Christian Book Previews Home
Christian Book Previews
Book Jacket

1589190777
Trade Paperback
317 pages
Apr 2007
RiverOak

Veil of Fire

by Marlo Schalesky

Review  |   Author Bio  |  Read an Excerpt

Excerpt:

Chapter One

 

Sometimes, when the wind blows just right over the fields, I can still smell the spice of her perfume. Sometimes, when the dandelion seeds dip and twirl across the sky, I see the way the silk slipped through her fingers, how the needle flashed in her hands. In and out. In and out. The seam straight, perfect. I pause to listen to the warble of a common loon, and in it hear the soft echo of her laughter. Lilting. Faint. Fading.

Then the sky turns dark. The wind stills. The bird is silenced. And in that moment, I am returned to the day my world burned. The day that changed everything I am, everything I was.

Listen, the silence whispers.

See, the darkness beckons.

So I wait. I remember. And in that quiet, in-between place, she lives again.

 

***

 

September 1, 1894

Darkness oozed through the windows and settled in the crevices of the sewing room. It weighted Nora’s shoulders and pressed like a cloth over her mouth and nose. She straightened, drew a deep breath, and coughed.

“You okay, Mama?” Ellie shifted her feet on the chair.

The needle paused in Nora’s hand. She glanced up at her daughter, standing on the chair above her. “Hold still, punkin, or you’ll be tippin’ over like a kettle of tea.”

Ellie snickered.

Nora grinned into the gray-blue eyes of her daughter. “And no giggling either, or the hem will be crooked.” The gray fabric brought out the flecks of dark blue in Ellie’s eyes, making them appear old for a girl of twelve.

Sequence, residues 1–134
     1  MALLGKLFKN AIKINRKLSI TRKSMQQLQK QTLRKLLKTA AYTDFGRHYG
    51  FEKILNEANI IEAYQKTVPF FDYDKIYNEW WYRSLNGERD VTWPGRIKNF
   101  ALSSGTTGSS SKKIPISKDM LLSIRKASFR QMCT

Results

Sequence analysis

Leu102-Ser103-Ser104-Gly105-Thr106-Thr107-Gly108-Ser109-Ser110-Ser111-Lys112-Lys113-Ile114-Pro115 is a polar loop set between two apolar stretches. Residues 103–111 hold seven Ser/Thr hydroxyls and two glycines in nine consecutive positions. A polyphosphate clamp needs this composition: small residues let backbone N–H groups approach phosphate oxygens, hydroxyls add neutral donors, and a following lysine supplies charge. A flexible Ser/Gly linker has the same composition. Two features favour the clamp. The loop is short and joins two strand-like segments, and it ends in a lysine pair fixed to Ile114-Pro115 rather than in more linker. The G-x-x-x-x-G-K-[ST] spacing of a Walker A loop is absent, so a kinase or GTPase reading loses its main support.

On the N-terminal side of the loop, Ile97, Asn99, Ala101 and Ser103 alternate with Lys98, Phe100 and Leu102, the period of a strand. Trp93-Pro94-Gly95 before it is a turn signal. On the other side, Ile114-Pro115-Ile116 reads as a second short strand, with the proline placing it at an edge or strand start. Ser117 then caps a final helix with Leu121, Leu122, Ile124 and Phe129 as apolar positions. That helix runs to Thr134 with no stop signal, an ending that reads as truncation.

“You almost done?” Wheat-colored hair bobbed over thin shoulders and dropped over the dress’s front, still loose on a chest teetering on the brink of womanhood.

“Just a few more stitches.”

“You were giving me that look again.”

“Look?”

“You know.”

Nora smiled and lowered her gaze. How could she help but look? Among stacks of folded taffeta, Swiss muslin, and pongee, baskets of thread, drawers overflowing with pressed lace, Ellie was the only thing of real beauty in the room. But she didn’t know it. Not yet. Nora bent over the dress’s hem and pulled the needle through the soft fabric. The silk was smooth to her touch, like the feel of water lapping her fingers on a warm day. Warm, like today. Too warm for September.

The darkness deepened. She squinted at the seam and cleared her throat. “Strange day, ain’t it? Like the light’s a-choking on the air.”

Ellie let out a long breath. “Light can’t choke. That’s silly.”

Nora swallowed her laugh as the needle dipped into the hem. “Then you explain it. Was bright as a bead this morning.”

“Well, now it’s as dark as … dark as … well, it’s real dark.”

“Yep, dark as dead coals after a campfire. That it is.”

“And it stinks like old fire too.”

Nora sat back on her heels, flicked the bottom of the dress, and watched as the silk settled into elegant folds. “Probably just Mr. Strom clearing his land. Don’t pay it no never mind.” She turned her daughter toward the mirror on the far side of the room.

For a moment, they each stared at the dress’s reflection. Gray silk fell in a straight panel in the front and bunched in demure waves in the back. Simple, stylish, wasp-waisted with gigot sleeves.

“It’s beautiful, ain’t it?”

“The best I’ve done.”

“Is it a traveling dress?”

“Yep.”

“Who for? Not that snooty Mrs. Jensen?”

“Be nice.”

“Is it?”

Nora sighed. “Not this one, punkin. This one is for someone special.”

“Who? Tell me. Miss Winnie? Mrs. MacAllister? Miss Blackstone?”

“No.”

“Someone new then? Someone who can pay for an expensive dress like this?”